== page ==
Fixing a corrupted TrueCrypt volume for Windows rescue
Like an idiot, I held down the power button to reboot my machine. It booted back up, and once I entered my TrueCrypt full-disk encryption password, I was greeted with a Windows rescue and repair boot screen. I managed to create a system volume which was both encrypted and corrupted, meaning that Windows rescue could not read the volume. Instead, it asked me to insert a driver disk for my hard drive so it could attempt rescue. If I entered the command line and used DISKPART to try to list volumes, it displayed C: as filesystem type RAW.
Not a good thing.
Happily enough, this is an issue with a simple solution. Insert your TrueCrypt rescue disk which you created when you originally encrypted your system and reboot. Press F8 for “Repair Options” when you get to the TrueCrypt authentication screen, and then press 1 to permanently decrypt your system disk. At this point, you’ll need to enter your decryption key, and decryption will begin. On a 500GB laptop drive, this process took over 8 hours to complete (!), so here are some other options you could try before attempting to decrypt the drive:
- Create a bootable live Linux thumb drive, install TrueCrypt onto it, and mount your system volume. From there, you can use any of the Windows repair tools available on Linux or do a chkdsk or what have you. TrueCrypt on Linux cannot mount partially decrypted volumes, so if you want to go this route, be sure not to begin decryption through the TrueCrypt rescue disk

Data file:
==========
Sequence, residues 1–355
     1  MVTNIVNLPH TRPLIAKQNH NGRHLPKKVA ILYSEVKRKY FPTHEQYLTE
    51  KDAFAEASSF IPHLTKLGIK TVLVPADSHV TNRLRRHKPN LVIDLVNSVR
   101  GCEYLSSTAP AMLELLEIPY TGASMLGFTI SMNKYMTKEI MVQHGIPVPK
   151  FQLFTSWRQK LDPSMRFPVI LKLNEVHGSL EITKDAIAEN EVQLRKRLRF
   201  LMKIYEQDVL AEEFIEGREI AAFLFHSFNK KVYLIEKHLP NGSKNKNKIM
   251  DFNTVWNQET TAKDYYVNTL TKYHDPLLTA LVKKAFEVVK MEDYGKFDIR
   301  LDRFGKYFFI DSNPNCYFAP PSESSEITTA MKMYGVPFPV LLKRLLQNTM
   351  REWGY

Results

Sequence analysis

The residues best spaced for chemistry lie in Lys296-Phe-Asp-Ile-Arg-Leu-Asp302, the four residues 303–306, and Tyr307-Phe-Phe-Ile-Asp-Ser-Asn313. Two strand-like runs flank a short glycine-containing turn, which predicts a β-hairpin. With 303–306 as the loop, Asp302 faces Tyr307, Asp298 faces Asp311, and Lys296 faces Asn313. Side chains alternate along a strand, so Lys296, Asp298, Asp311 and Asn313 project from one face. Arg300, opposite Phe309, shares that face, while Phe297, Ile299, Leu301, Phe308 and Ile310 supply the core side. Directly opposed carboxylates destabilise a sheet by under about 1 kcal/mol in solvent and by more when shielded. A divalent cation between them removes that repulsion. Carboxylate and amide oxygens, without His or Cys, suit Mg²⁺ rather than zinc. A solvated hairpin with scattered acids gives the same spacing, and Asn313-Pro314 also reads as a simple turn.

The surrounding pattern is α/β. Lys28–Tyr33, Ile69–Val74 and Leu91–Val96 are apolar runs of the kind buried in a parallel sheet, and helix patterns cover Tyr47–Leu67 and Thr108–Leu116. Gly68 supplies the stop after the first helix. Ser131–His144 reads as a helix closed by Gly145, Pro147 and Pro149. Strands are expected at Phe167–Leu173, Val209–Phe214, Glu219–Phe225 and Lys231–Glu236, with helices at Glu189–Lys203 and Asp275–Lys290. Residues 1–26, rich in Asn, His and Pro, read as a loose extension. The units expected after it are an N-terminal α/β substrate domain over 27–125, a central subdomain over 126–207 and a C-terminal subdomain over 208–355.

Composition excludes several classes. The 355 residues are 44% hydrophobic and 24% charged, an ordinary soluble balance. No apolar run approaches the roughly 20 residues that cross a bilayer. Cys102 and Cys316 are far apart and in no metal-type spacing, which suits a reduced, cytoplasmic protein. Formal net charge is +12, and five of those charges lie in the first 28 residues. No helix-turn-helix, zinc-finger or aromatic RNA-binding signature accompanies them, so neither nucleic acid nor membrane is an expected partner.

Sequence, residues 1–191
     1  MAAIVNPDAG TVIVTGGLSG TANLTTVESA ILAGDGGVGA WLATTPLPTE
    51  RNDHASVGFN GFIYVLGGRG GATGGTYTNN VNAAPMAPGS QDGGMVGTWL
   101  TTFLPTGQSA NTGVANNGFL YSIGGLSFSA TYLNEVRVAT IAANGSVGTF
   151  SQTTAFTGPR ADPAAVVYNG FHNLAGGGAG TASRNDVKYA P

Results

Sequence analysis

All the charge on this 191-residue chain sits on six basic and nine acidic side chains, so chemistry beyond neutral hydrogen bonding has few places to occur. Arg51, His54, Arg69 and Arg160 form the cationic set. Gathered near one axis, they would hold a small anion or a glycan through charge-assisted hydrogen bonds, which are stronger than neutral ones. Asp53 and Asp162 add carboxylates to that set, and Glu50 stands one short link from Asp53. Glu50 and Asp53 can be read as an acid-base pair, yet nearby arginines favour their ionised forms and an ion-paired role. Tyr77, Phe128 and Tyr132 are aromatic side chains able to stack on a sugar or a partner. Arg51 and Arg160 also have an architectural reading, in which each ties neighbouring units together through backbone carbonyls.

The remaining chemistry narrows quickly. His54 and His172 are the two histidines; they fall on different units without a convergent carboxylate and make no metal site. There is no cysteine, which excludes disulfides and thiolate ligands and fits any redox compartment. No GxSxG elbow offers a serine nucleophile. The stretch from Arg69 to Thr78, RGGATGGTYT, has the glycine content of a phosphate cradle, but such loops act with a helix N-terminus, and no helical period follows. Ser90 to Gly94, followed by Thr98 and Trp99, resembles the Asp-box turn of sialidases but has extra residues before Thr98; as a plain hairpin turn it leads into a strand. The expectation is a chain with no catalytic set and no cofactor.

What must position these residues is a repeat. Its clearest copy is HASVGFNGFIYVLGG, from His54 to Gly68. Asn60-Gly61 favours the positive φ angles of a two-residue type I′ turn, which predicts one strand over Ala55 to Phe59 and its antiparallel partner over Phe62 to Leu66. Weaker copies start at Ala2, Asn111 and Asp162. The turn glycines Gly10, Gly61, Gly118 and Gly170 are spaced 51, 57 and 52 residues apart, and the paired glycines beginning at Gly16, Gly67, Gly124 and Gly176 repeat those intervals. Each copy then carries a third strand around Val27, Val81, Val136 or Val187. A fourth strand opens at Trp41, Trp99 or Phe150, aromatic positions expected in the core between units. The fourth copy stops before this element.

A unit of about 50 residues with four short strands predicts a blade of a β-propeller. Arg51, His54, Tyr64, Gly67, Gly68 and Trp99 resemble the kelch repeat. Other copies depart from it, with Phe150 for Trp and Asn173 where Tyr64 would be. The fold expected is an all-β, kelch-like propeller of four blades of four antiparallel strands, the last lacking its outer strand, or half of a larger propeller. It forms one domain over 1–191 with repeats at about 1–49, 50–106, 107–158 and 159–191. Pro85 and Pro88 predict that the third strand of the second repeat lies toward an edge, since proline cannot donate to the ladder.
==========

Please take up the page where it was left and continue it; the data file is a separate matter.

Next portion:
- Create a bootable WinPE drive and use it to repair Windows. I did not try this one so I do not know if TrueCrypt can handle partially decrypted volumes on WinPE.
- Manage to get TrueCrypt running within the Windows rescue environment so the volume is mountable and rescuable. Windows rescue kills it, saying that “This image cannot run because the appropriate subsystem is not loaded.” This happens because Windows rescue is not running a full-fledged copy of Windows, so the subsystem is not available. If you have an afternoon to spare for fun Windows finagling, this is the option for you.